“St. George” Rotunda Church is the oldest architectural monument in Sofia and the only building in good repair, intact to the roof, dated as far back as the Roman Empire. Its construction coincides with a moment of a remarkable flourishing of Serdika as one of the largest and most considerable Roman towns on the Balkan Peninsula. Since the very beginning it has been a building of a cult, probably a martyrion (a religious building devoted to a saint martyr. This opinion dominated over the supposition on a Roman Baths because of the hypocaust, being too high (1-1,20 m), while a height of  70 – 80 cm was necessary for the baths. This hypocaust served for ventilation and drainage of the floor. There aren’t any vestiges of a fireplace (prefurnium), necessary for baths’ building). The construction of the Rotunda is dated as far back as the beginning of the 4th century, from the time of Emperor Constantine the Great (306-337) who sojourned in Serdica many times. He has been credited with the phrase: “Serdica – that is my Rome”. After the Edict of Milan in 313 that Emperor Constantine the Great promulgated Christianity as an allowed religion by, in the Roman Empire the Rotunda was transformed into a baptistery because of the mass conversion to Christianity. In 6th century, during the rule of Emperor Justinian the Great (527-565) the Rotunda was transformed from a baptistery into a church. The first ancient painting dates back from that time. Since the same time the church is supposed to have been bearing the name of St. Great Martyr Georgi, suffered in Asia Minor during the 3rd century, at the time of Emperor Diocletian (284-305). One of the religious councils, the one in Serdica (343 Serdica’s Councel), is connected with the church. A lot of bishops of the then East and West Christian world attended this Council. The Council confirmed the Nicaea symbol of faith, exculpated St. Athanasius of Alexandria and expelled the adherents to the Aryan heresy. The vault of the Rotunda has been destroyed twice. The fundamental assumptions were, as follows: an earthquake, because of the seismic region Sofia is located in, erosion or the military inroads of the Westgoths in the end of the 4th c. and of the Huns in the 5th c. when the architectural ensemble was heavily impaired, as well as in the 9th c. – during the siege of Krum.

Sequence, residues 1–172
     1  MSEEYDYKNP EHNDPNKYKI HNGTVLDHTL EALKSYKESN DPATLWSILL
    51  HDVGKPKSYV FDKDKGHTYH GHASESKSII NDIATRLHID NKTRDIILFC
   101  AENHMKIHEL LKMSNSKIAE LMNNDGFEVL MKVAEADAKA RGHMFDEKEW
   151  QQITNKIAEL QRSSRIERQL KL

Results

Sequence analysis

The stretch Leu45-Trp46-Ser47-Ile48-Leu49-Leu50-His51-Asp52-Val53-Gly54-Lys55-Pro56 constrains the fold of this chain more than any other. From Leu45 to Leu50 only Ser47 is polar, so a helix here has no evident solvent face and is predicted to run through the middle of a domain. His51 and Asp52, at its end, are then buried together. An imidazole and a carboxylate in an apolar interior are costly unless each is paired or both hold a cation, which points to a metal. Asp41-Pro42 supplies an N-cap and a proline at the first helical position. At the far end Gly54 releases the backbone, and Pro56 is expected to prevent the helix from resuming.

Aladzha Monastery is the most famous medieval cave monastery on the Bulgarian Black Sea coast. It was inhabited by hermit monks during the XIII- XIV centuries. It was in the end of XIX century when the founders of the Bulgarian archaeology- Shkorpil brothers, Karel and Hermin, began to systematically study this Christian monument. In 1927, Aladzha Monastery was declared a public historical monument and in 1968 it was declared an architectural cultural monument of national significance. The monastery caves are hewn on two levels into an almost 40m high limestone rock. The first level consists of a monastery church, monastic cells, a dining premise and a kitchen, a small cemetery church, a crypt (bone-vault) and farm premises. The second level is a natural cave recess in the eastern end of which there is a monastery chapel. 600-700 m westwards from the Monastery there is a group of caves also known as the “Catacombs”. The items found by the archaeologists such as ceramics, coins, graffiti, etc., evidence that the Catacombs were inhabited during the early Christian Age (V-VI centuries). After the fall of Bulgaria under the Ottoman yoke in the end of  14th  century, Aladzha Monastery has gradually declined and it was probably around 15th – 16th  century when it was finally abandoned. The Christian name of the Monastery is unknown. The name “aladzha” (alaca) has a Persian – Arabian origin meaning “motley, bright”. At the beginning of the last century, K. Shkorpil wrote a legend according to which the patron of the monastery was St Spas (named after Christ the Saviour).  
  Natural phenomenon “Stone Forest” is better known with its Bulgarian name “Pobiti kamani” which could be translated as “stones beaten into the ground”. Seven large and several separate small groups are located on the north and south from the Beloslav Lake. These are numerous limestone pillars as high as 10 m, hollow or solid cylinders, truncated cones and single rocks and cliffs. The most famous and impressive is the group named “Center - South”. It is located 18 km west of Varna and numbered about 300 large and small columns, up to 6 m high, rising mainly south of the old road to the town of Devnya. Several hypotheses about the origin of the phenomenon have been developed. The scientists describe designing of the structures by mechanical acting of the environmental factors (sea waves, wind, rain) or precipitation of carbonate from infiltrated ground waters (stalactite mode of formation), coral complexes, algal bio constructed build-ups (bioherms), petrified forest and natural gas seepages so called "the bubbling reefs". We still cannot say which of these hypotheses give the best explanation of the origin, but the idea that they are human creation is excluded.